Key returning starters: QB Deshaun Watson, RB Wayne Gallman, TE Jordan Leggett, WR Artavis Scott, LT Mitch Hyatt
Deshaun Watson (5,209 yards of total offense in 2015) is a Heisman Trophy favorite with most of his weapons back in addition to Mike Williams (1,030 receiving yards in 2014), who missed nearly all of ’15 with a neck injury. This offense is terrifying.
Key returning starters: DT Carlos Watkins, LB Ben Boulware, CB Cordrea Tankersley
The Tigers must retool again, especially up front, where departed defensive ends Shaq Lawson and Kevin Dodd combined for 49 tackles for loss in 2015. Cordrea Tankersley (five interceptions in ’15) should emerge as a shutdown corner.
Leader in rushing: Gallman. A physical 215-pound senior who amassed 1,527 yards in 2015, Gallman is the ideal complement to Watson’s elusiveness.
Leader in receiving: Mike Williams. He averaged 18.07 yards per catch in 2014, and Watson will exploit the return of that big-play potential.
Leader in tackles: Boulware. After the senior racked up 82 tackles, two interceptions and a team-best 10 QB hurries last fall, coaches will put him in spots to make plays.
Leader in interceptions: Jadar Johnson. The 6’ 1” senior is only now a full-time starter, but two picks in 2015 suggest he’ll do more with more snaps.
Opposing coach's take
“It starts and ends with [junior] Deshaun Watson. You have to limit his explosive plays by eliminating the run-pass options they use off the inside zone by being firm inside. You want Watson to carry the ball—then you’ve got to hit him. Passingwise, you’ve got to force him to play into the pocket because when he gets outside, he’s going to create big plays with his feet. You must do a great job with your rush-contain lanes and try to alter his sight angles.
Watson’s got game-breaking weapons with [junior] running back Wayne Gallman and [junior] receivers Artavis Scott and Mike Williams. [Senior tight end] Jordan Leggett won’t block anybody, but he can catch. The offensive line isn’t going to knock anybody off the ball.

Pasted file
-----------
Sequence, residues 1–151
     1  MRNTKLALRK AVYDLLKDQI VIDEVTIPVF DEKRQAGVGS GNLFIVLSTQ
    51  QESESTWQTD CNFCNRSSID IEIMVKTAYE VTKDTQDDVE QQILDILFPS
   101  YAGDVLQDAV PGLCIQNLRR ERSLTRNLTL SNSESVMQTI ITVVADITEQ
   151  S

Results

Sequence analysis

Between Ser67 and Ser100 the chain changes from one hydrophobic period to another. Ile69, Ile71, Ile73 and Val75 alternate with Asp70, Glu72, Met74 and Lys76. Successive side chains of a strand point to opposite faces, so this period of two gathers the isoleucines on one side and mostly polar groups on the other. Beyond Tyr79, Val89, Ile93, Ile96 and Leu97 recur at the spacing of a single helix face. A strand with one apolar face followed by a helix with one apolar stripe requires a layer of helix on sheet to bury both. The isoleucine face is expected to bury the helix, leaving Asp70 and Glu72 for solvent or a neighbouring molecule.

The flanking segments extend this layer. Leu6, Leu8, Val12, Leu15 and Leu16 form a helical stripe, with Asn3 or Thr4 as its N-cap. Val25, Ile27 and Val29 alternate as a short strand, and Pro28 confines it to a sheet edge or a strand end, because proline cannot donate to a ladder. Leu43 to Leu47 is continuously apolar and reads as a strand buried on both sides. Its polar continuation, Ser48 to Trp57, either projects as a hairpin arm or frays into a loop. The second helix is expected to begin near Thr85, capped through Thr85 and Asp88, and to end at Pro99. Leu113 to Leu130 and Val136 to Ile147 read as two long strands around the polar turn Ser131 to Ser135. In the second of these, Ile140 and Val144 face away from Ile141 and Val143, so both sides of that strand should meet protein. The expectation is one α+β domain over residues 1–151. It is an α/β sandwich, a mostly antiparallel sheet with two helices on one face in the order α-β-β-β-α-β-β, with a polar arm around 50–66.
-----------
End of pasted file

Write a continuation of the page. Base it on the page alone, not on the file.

They’ve always been stout on the defensive front, highlighted this year by [senior] tackle Carlos Watkins. Cordrea Tankersley is probably better than departed cornerback Mackensie Alexander, a second-round pick.
Defensive coordinator Brent Venables does a great job, but he’s late getting his calls in. That’s because they’re probably as good as anybody at stealing signals, and Venables is waiting to see your offensive call. [Clemson declined to comment.] And because they’re so multiple on defense, they’re prone to being out of position. They’ll line up late, and you can get a guy running free.”
Clemson has holes on the defensive line, and tackle Dexter Lawrence's physical attributes suggest he can fill one of them. At 6' 5" and 340 pounds, he was the No. 2 overall recruit in the class of 2016 out of Wake Forest (N.C.) High, and coach Dabo Swinney told reporters in the spring that Lawrence runs nearly a five-second 40-yard dash. After enrolling in January to get a jump on the Tigers’ complex scheme, he’s already on the two-deep. A fast mover indeed.
1st: Rank in third-down defense for each of the last two seasons.
18: Times Deshaun Watson was sacked in 15 games last year, 27th fewest in the country.
57.1%: Conversion rate on fourth down. The Tigers also succeeded on 46.9% of their third downs, 13th in the nation.
3: Pairs of teammates who ranked in the top 50 in rushing last season, including running back Wayne Gallman (13th) and Watson (44th).
115th: Rank in kick-return defense in 2015 (24.85 yards per runback).
|Sept. 3||at Auburn|
|Sept. 17||South Carolina State|
|Sept. 22||at Georgia Tech|
|Oct. 7||at Boston College|
|Oct. 15||NC State|
|Oct. 29||at Florida State|
|Nov. 19||at Wake Forest|
|Nov. 26||South Carolina|
Top 25 rankings
|24||San Diego State|